The Magazine


Sep 14, 1998, Vol. 4, No. 01 • By DAVID FRUM
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WE CAN'T READ THEIR MINDS, of course, but the hoary defenders of the Social Security status quo would have had to be superhuman not to cheer as the stock market slid through the last week of August and then crashed on the 31st. For years they have endured the complaints of young taxpayers that Social Security is a cheat: While private retirement accounts have sometimes grown at annual rates of 30 to 40 percent during the nineties, Social Security will pay out zero percent returns to today's thirty-somethings and sub-zero percent to today's twenty-some-things. So for rear-guard defenders of Social Security, a good old-fashioned Wall Street panic must have seemed the answer to a prayer: A cataclysmic collapse of their 401k plans will teach these greedy youngsters that there are worse things than the slow and steady evaporation of one's Social Security contributions.

Alas for the mossbacks, the Dow quickly stabilized at 15 percent or so below its peak, leaving almost all of the fantastic gains of the mid-'90s bull market intact. But sooner or later the mossbacks will have their day. Like all bull markets, the great bull market of the 1990s will end, either in a terrific crash or simply by petering out. Advocates of Social Security privatization had better factor that into their plans.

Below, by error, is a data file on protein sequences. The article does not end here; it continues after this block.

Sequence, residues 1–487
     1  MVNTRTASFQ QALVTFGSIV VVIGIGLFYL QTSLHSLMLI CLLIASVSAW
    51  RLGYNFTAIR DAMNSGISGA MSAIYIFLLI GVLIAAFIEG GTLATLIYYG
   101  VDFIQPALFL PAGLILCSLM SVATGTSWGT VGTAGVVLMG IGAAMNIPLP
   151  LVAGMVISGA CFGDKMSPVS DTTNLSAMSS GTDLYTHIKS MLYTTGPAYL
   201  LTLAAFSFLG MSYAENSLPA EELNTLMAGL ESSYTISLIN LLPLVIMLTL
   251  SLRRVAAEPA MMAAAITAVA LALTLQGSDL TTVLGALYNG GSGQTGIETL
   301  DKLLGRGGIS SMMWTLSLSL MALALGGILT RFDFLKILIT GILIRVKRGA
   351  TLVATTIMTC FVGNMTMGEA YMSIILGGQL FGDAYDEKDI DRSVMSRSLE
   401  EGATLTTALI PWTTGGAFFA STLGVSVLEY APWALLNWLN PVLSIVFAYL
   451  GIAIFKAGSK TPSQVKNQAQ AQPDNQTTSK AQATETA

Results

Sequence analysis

It's true that the end of the bull will make no difference to the economic case for privatization. Whatever happens on Wall Street, the plight of Social Security is unchanged: Around 2010, the federal government will no longer be able to afford the current level of benefits at the current level of taxation. But the end of the bull may very well weaken the political case for privatization. In 1997, it was obvious why it would be better to put 12 percent of your pay into the market than into the palsied hands of the Social Security Administration. In 1999, it may be less obvious.

Over the past decade, advocates of privatization have acted on the belief that time is on their side. Every year, high schools and colleges graduate a fresh class of Social Security losers, and funeral homes bury another cohort of Social Security winners. Why struggle and toil now for reform when in a decade or two it will be politically riskless? Privatizers have tended to believe too that Social Security reform ought to wait for the election of a Republican president.

The August '98 stock-market collapse should prompt recognition that there are indeed risks in delay. Political opportunities are rare and fleeting things, and when they vanish they do not always reappear. For privatizers, the mid-'90s have been just such an opportunity. The planets are aligned: The stock market is booming (dramatizing the superiority of private markets over government insurance), the budget is in surplus (which means that there is cash on hand to pay the costs of the transition from a pay-as-you-go pension system to a fully funded system), and the Democratic party is in one of its business-oriented moments. Who knows how long those conditions will last?

Yes, it's true that the political clamor for doing something about Social Security will grow louder as the crisis nears. But it's also true that the nearer the crisis grows, the more costly and painful that "something" will have to be. Worse, the nearer the crisis grows, the less time there will be for the money that will be put into the market to compound. The first baby-boomer retirement is now only 13 years away.